The idea starts with the notion that two (or more) heads are better than one. Think team, not tyrant. Shared leadership focuses on a set of practices (and skills) created by the group rather than the voice or vision of any single individual. It emphasizes the ways in which members of a group influence and shape the enterprise. Think institutional traits rather than individual traits.
Book to Read
by Craig Pearce & Jay Conger (editors) (2002)
Quick Take from the Book
The shared leadership model responds to the following currents:
- Leaders are being asked to create less hierarchical organizations, enterprises that emphasize collaboration and teamwork.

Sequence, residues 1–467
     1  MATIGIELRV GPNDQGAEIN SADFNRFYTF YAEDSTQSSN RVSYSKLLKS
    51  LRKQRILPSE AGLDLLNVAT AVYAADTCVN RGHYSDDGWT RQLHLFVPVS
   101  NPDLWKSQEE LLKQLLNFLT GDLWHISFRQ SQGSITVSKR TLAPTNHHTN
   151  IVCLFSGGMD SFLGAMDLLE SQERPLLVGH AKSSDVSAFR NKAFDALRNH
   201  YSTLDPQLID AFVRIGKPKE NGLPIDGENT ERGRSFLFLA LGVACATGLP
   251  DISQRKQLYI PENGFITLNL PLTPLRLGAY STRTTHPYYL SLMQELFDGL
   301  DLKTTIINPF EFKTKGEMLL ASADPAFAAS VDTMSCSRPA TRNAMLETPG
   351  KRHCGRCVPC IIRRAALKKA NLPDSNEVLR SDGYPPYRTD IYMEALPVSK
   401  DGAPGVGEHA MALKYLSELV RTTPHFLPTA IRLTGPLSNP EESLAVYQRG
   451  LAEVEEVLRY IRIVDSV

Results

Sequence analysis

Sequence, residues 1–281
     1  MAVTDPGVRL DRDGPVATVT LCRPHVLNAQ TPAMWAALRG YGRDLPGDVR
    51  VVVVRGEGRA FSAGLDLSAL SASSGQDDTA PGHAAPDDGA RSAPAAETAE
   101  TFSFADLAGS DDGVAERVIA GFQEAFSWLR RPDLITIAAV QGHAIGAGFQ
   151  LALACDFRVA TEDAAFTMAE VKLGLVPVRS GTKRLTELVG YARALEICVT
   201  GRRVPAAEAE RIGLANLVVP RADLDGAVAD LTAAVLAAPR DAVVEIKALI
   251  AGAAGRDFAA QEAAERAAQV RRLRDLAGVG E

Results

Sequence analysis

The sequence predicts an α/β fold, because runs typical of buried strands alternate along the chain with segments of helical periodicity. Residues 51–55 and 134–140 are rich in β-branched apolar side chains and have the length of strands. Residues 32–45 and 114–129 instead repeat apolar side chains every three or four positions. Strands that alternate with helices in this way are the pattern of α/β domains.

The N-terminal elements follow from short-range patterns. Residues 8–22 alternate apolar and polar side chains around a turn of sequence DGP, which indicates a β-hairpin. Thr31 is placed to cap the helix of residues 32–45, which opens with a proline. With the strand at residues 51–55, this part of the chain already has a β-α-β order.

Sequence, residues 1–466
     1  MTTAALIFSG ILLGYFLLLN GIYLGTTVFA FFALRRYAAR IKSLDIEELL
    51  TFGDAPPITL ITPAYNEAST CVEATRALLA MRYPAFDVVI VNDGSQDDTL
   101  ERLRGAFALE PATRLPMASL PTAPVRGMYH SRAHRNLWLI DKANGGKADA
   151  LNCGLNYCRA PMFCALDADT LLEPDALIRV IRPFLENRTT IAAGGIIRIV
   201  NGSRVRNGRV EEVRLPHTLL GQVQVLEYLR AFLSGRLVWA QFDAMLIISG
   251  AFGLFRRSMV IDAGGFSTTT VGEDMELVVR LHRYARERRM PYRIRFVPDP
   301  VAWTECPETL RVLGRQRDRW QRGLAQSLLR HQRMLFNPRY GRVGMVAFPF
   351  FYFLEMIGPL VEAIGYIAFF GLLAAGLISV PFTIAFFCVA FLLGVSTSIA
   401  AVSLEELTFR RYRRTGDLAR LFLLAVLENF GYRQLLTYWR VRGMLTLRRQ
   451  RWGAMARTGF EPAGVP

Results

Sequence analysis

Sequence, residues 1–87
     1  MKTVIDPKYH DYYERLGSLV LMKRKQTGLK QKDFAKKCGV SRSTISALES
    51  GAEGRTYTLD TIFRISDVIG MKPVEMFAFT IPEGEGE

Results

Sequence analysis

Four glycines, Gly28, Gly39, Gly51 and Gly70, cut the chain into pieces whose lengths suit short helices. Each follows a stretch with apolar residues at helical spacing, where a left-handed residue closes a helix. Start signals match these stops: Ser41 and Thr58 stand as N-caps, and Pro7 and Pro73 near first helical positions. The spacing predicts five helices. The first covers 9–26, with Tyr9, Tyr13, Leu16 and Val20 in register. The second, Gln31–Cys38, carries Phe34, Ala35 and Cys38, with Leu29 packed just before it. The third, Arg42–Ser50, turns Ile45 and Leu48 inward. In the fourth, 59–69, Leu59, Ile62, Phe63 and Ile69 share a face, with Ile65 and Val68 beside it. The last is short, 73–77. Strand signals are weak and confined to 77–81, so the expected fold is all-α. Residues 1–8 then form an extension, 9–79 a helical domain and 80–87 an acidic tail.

- The language of power is changing -- away from “command and control” and toward “dialogue and relationships.”
- Networks are becoming the hub of innovation and organizational learning.
Quote of Note
"Resistance to the notion of shared leadership stems from thousands of years of cultural conditioning. Four hundred years before the birth of Christ, Plato wrote that leadership is a rare trait typically possessed by only one person in any society, an individual who has a unique lock on wisdom and truth...[P]lato’s view coincided with the nature of the only kind of leadership people ever saw in practice: one-man rule. Shared leadership for most people is simply counterintuitive. Leadership is obviously and manifestly an individual trait and activity…[Yet] when the facts are fully assembled, even the most fabled “solitary” leaders relied on the support of a team of other effective leaders." — O’toole, Galbaith and Lawler, p. 251.